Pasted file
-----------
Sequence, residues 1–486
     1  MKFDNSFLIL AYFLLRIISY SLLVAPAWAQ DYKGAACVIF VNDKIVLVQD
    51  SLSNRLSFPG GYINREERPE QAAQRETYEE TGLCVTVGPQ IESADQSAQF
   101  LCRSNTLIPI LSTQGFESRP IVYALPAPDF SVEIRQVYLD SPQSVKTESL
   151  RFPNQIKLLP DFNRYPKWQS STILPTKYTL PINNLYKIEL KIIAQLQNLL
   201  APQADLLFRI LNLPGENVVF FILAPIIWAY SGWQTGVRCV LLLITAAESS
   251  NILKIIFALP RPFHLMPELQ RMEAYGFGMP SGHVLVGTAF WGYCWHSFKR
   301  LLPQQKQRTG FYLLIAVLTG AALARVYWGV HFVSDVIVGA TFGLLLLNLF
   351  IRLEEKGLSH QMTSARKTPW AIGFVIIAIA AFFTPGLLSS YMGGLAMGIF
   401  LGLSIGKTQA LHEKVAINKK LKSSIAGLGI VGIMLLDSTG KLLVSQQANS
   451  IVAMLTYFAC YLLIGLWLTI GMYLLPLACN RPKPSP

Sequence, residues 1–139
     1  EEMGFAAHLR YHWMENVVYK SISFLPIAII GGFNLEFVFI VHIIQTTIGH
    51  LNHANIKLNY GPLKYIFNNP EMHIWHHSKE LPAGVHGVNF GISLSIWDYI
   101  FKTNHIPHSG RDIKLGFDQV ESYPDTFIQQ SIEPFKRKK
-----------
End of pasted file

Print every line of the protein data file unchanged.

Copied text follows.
Sequence, residues 1–486
     1  MKFDNSFLIL AYFLLRIISY SLLVAPAWAQ DYKGAACVIF VNDKIVLVQD
    51  SLSNRLSFPG GYINREERPE QAAQRETYEE TGLCVTVGPQ IESADQSAQF
   101  LCRSNTLIPI LSTQGFESRP IVYALPAPDF SVEIRQVYLD SPQSVKTESL
   151  RFPNQIKLLP DFNRYPKWQS STILPTKYTL PINNLYKIEL KIIAQLQNLL
   201  APQADLLFRI LNLPGENVVF FILAPIIWAY SGWQTGVRCV LLLITAAESS
   251  NILKIIFALP RPFHLMPELQ RMEAYGFGMP SGHVLVGTAF WGYCWHSFKR
   301  LLPQQKQRTG FYLLIAVLTG AALARVYWGV HFVSDVIVGA TFGLLLLNLF
   351  IRLEEKGLSH QMTSARKTPW AIGFVIIAIA AFFTPGLLSS YMGGLAMGIF
   401  LGLSIGKTQA LHEKVAINKK LKSSIAGLGI VGIMLLDSTG KLLVSQQANS
   451  IVAMLTYFAC YLLIGLWLTI GMYLLPLACN RPKPSP

Sequence, residues 1–139
     1  EEMGFAAHLR YHWMENVVYK SISFLPIAII GGFNLEFVFI VHIIQTTIGH
    51  LNHANIKLNY GPLKYIFNNP EMHIWHHSKE LPAGVHGVNF GISLSIWDYI
   101  FKTNHIPHSG RDIKLGFDQV ESYPDTFIQQ SIEPFKRKK